A Key Performance Indicator (KPI) is a measurable value that demonstrates how effectively a company is achieving key business objectives.
They are used throughout all levels of a company to evaluate each level’s performance and success at hitting objectives. KPIs are structured in an umbrella format that measures both the overall long term goals of the company, with sub-measures tracking shorter term everyday goals.
KPIs are essentially the way a company communicates its goals, purpose and objectives to its staff, and like all forms of communication, if it isn’t clear wires can get crossed and confusion can arise.
This is detrimental to the successful execution of objectives by staff and as such, KPIs need to be clearly thought out and well structured so that everybody knows exactly what is expected of them. So how do you set up a perfect KPI? Read on to find out:
- The key characteristics of a successful KPI
- Useful tips to consider
- How to be SMART
Keep it simple
A key component of a successful KPI is its simplicity. It needs to be easily comprehended and easily measurable, for example a KPI can be as simple as asking ‘how many clients did we gain this month’ or ‘how many units have we sold this week’. Business analytics expert Jay Liebowitz says that an effective KPI is one that ‘prompts decisions, not additional questions’.
All members involved with a goal should know precisely how to effect a KPI. When employees are clear on their objectives it allows them to be proactive in making decisions to influence outcomes. Further to guiding staff in their operations, a good KPI will allow you to gather measurable data on how well a campaign is progressing. This measure doesn’t need to only be quantitative; it can be qualitative such as ‘how engaged are employees with their work’. This can be achieved via surveys or customisable forms and is an effective way in seeing how positively or negatively a project is being executed.
It should be well aligned
According to a Data Warehousing Institute metrics report effective KPIs ‘cascade from… strategic dashboards to tactical and operational dashboards’. This means that the daily operational and strategic goal KPIs should align with the overall objective KPI of the business strategy. For example, while some businesses may be orientated around acquiring new clients, others such as a customer service company would have customer retention at its core. To this end, it’s important to consider the overall objectives to ensure that KPIs are always aiding the umbrella goals of the organisation.
This isn’t always easy to achieve as there can be any number of dashboards across numerous departments, which is where the concept of cascading comes in. For example, a CEO will typically have one dashboard, while his or her direct reports will have two, and mid-level management will have three or more. Top level KPI’s cascade throughout an organisation and the data captured by lower level KPIs roll up to the corporate-wide KPIs. Cascading can be vertical or horizontal and can become quite complex. A comprehensive explanation can be found here.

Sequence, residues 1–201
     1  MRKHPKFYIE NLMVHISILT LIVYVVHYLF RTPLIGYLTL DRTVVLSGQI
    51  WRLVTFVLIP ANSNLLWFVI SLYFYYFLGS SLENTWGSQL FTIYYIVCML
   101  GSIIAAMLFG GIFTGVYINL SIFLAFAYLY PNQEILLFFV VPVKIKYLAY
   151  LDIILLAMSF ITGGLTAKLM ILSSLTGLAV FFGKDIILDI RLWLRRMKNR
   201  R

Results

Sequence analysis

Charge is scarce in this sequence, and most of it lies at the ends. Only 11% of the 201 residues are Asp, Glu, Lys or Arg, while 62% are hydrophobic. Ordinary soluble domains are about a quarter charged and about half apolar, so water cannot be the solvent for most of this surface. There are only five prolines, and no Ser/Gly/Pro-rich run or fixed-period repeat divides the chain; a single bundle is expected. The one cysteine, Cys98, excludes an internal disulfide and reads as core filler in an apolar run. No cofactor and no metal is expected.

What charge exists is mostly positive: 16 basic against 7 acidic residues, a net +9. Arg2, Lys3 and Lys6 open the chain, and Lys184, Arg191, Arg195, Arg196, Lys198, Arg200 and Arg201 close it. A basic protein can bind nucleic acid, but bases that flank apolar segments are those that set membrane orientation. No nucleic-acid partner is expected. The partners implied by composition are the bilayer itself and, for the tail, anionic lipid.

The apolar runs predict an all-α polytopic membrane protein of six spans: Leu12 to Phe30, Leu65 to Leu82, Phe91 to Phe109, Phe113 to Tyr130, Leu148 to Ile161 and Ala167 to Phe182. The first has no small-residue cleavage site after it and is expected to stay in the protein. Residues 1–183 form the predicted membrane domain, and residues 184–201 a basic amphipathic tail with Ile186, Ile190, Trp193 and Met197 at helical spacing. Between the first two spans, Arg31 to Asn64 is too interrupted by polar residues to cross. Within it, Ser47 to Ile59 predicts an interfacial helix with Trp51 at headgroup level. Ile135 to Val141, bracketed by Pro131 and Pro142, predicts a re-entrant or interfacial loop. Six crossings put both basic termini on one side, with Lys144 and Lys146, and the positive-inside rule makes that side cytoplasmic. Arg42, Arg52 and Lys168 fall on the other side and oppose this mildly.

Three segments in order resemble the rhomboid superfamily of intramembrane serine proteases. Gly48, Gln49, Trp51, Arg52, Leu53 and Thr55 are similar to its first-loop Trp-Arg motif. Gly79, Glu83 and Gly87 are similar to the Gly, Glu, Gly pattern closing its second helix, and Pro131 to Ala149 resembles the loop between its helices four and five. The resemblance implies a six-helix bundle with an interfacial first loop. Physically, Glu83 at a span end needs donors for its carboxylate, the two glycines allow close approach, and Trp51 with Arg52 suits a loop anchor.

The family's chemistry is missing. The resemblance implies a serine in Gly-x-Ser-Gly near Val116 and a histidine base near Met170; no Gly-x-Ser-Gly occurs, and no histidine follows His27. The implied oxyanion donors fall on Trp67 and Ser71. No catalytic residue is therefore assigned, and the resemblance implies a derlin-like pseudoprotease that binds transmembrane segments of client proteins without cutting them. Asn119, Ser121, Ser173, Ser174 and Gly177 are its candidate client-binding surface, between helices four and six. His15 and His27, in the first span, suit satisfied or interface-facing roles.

Always remember to be SMART
Using the SMART criteria can help you keep on top of your KPIs and ensure that they are fit for purpose, relevant and successful:
Specific – is your objective specific?
Measure – can you measure progress towards that goal?
Attainable – is the goal realistically achievable?
Relevant – how relevant is the goal to your organisation?
Time-frame – what is the time-frame for achieving this goal?
There are variations of SMART depending on the author. In some cases Attainable is replaced with Assignment – who will be in charge of the goal? SMART can be adapted to suit the needs and context of the objective. The criteria are commonly attributed to Peter Drucker’s management by objectives concept. George T Doran, author of There's a SMART Way to Write Management's Goals and Objectives summed up SMART succinctly:
‘Notice that these criteria don’t say that all objectives must be quantified on all levels of management. In certain situations it is not realistic to attempt quantification, particularly in staff middle-management positions. Practicing managers and corporations can lose the benefit of a more abstract objective in order to gain quantification. It is the combination of the objective and its action plan that is really important. Therefore serious management should focus on these twins and not just the objective.’
By utilising all key elements of your KPI and understanding its purpose and value, key objectives can be monitored and met more effectively. Remember to be SMART, concise and visible across the business to achieve success.
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